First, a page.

Lithium-ion batteries on their way to the crushing process and towards a new life in the electronics industry.

The fractions resulting from the process contain significant amounts of ingredients such as cobalt (25–30% concentrate) and copper (15–20% concentrate) that are reutilised as industrial raw materials. Cobalt is an important raw material for batteries while copper is needed in the electronics industry, among others.

The cobalt is delivered to Kokkola to the world’s largest cobalt refinery, where recycled cobalt is refined to be reutilised by the industry. Not only does recycling cobalt save energy, it also saves pristine cobalt, which is mined primarily in the Congo area under primitive conditions.

Low-cobalt or cobalt-free Lithium-ion batteries used in tools, for example, contain materials such as copper, nickel, manganese, aluminium and iron, depending on the battery type. These batteries currently comprise only a relatively small portion of all recycled batteries and accumulators, but their amount is expected to increase significantly in the near future. Akkuser is currently developing a dedicated process for batteries of this type in order to recover the materials contained in them for reutilisation as efficiently as possible.

Cobalt and nickel

Nickel-metal hydride batteries and accumulators, such as rechargeable small batteries that resemble alkaline batteries, are processed after sorting at the Akkuser plant. Akkuser has developed a proprietary Dry-Technology method in which the batteries are crushed and different ingredients can be separated magnetically and with other mechanical means.

The most important metals recovered from nickel-metal hydride batteries are nickel and cobalt (approx. 35% in total). Nickel is used for applications such as manufacturing stainless steel, whereas the rare cobalt is used for manufacturing batteries for various devices, especially smartphones.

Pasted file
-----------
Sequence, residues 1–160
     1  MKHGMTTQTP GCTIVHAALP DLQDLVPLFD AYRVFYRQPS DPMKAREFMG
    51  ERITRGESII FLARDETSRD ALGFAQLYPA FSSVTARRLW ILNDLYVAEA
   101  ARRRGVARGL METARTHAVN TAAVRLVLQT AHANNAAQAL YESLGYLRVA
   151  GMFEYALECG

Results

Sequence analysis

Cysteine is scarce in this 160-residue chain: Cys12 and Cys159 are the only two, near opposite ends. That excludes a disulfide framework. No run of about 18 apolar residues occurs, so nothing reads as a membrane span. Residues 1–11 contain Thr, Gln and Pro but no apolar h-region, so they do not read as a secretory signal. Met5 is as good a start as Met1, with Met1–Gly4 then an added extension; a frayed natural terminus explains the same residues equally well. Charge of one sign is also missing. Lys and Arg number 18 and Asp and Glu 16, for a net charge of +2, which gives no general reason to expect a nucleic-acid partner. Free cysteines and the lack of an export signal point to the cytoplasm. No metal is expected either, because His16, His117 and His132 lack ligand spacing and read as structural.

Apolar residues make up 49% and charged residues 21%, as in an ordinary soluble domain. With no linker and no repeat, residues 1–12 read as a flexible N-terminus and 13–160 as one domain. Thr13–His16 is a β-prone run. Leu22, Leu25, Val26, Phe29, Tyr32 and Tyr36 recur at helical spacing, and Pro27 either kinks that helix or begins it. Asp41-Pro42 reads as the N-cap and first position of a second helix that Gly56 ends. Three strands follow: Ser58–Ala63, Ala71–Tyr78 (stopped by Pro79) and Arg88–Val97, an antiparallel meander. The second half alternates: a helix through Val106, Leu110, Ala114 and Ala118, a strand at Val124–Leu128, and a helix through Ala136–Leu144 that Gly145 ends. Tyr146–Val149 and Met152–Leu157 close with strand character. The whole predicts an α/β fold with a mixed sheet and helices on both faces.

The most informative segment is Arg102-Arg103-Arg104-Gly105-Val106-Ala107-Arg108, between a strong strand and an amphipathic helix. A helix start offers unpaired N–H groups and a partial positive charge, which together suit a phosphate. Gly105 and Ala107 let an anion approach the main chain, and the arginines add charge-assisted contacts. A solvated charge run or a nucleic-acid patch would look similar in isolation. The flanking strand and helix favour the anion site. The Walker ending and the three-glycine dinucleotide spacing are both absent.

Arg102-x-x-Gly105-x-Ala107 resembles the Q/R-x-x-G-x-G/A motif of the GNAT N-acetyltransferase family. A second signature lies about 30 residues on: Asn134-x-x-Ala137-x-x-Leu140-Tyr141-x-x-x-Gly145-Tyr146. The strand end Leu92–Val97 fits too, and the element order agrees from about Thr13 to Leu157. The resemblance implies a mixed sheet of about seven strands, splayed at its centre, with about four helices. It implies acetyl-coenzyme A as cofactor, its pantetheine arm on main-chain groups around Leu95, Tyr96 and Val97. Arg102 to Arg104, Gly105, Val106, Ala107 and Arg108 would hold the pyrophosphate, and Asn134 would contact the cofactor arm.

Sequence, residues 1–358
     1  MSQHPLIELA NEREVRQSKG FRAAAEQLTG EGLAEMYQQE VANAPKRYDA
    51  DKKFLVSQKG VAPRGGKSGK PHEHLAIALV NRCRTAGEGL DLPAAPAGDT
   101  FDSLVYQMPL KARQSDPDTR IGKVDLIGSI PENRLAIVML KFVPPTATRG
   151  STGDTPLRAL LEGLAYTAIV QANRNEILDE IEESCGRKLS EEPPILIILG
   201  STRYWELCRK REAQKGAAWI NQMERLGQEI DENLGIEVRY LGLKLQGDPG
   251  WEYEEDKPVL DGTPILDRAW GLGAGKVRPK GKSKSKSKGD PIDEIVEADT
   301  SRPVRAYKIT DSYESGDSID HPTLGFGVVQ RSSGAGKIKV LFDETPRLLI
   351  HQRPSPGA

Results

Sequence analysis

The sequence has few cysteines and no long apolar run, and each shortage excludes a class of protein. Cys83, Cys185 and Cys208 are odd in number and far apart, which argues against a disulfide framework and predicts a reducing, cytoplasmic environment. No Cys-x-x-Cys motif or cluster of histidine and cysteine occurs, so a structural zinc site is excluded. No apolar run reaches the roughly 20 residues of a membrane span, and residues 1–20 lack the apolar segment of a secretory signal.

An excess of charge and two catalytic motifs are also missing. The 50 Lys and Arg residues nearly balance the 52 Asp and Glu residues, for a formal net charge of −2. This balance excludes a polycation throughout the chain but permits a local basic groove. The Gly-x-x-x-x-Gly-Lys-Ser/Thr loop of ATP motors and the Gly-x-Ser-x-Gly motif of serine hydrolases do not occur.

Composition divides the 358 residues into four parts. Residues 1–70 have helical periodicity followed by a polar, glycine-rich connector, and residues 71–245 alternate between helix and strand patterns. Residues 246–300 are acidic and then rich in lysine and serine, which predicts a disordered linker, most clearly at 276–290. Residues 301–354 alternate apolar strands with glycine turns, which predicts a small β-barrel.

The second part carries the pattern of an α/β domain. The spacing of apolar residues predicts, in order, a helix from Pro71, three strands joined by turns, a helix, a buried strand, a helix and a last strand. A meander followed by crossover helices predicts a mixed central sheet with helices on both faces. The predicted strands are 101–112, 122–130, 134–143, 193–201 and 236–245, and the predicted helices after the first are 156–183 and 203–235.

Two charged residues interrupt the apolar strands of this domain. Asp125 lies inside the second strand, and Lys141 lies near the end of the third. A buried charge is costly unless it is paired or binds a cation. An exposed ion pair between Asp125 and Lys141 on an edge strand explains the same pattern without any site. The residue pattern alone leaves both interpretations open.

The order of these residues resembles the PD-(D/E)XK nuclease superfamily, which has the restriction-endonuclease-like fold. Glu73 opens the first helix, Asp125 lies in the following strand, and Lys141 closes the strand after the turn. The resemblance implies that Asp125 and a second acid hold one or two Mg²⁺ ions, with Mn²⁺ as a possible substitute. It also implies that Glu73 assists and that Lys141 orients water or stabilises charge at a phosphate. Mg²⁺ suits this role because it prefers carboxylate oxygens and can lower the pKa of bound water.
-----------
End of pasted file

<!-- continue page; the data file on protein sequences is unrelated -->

Button cell batteries are divided into large and small batteries

Akkuser’s processing line mechanically separates button cell batteries from other batteries and divides them into large and small batteries. The small batteries are often so-called silver oxide batteries by chemical composition, containing 2–4% silver. They are delivered from the Akkuser plant to a precious metal refinery for recovery, and the silver can be reutilised by the electronics industry, among others.

Lead recovered from lead gel batteries

Box-shaped, sealed lead gel batteries contain 65–90% lead, which is extremely harmful to the environment but easy to recycle. From the Akkuser processing plant in Nivala, lead gel batteries are delivered through a Finnish collector to foreign lead battery recycling plants for processing, where the lead is recovered and used primarily for manufacturing new lead-acid batteries. The process also involves neutralising the acids contained in the batteries.

Lead is recovered and used primarily for manufacturing new lead-acid batteries.

Nickel-cadmium batteries used in devices such as old cordless tools are delivered from Nivala to suitable recycling plants, where the materials contained in them are separated in a multi-stage process.

The ferro-nickel (60%) contained in nickel-cadmium batteries is reutilised in the manufacturing of steel and the cadmium (15%) is used for applications such as the manufacturing of new batteries. Using recycled nickel saves up to 75% of energy when compared to mining pristine material.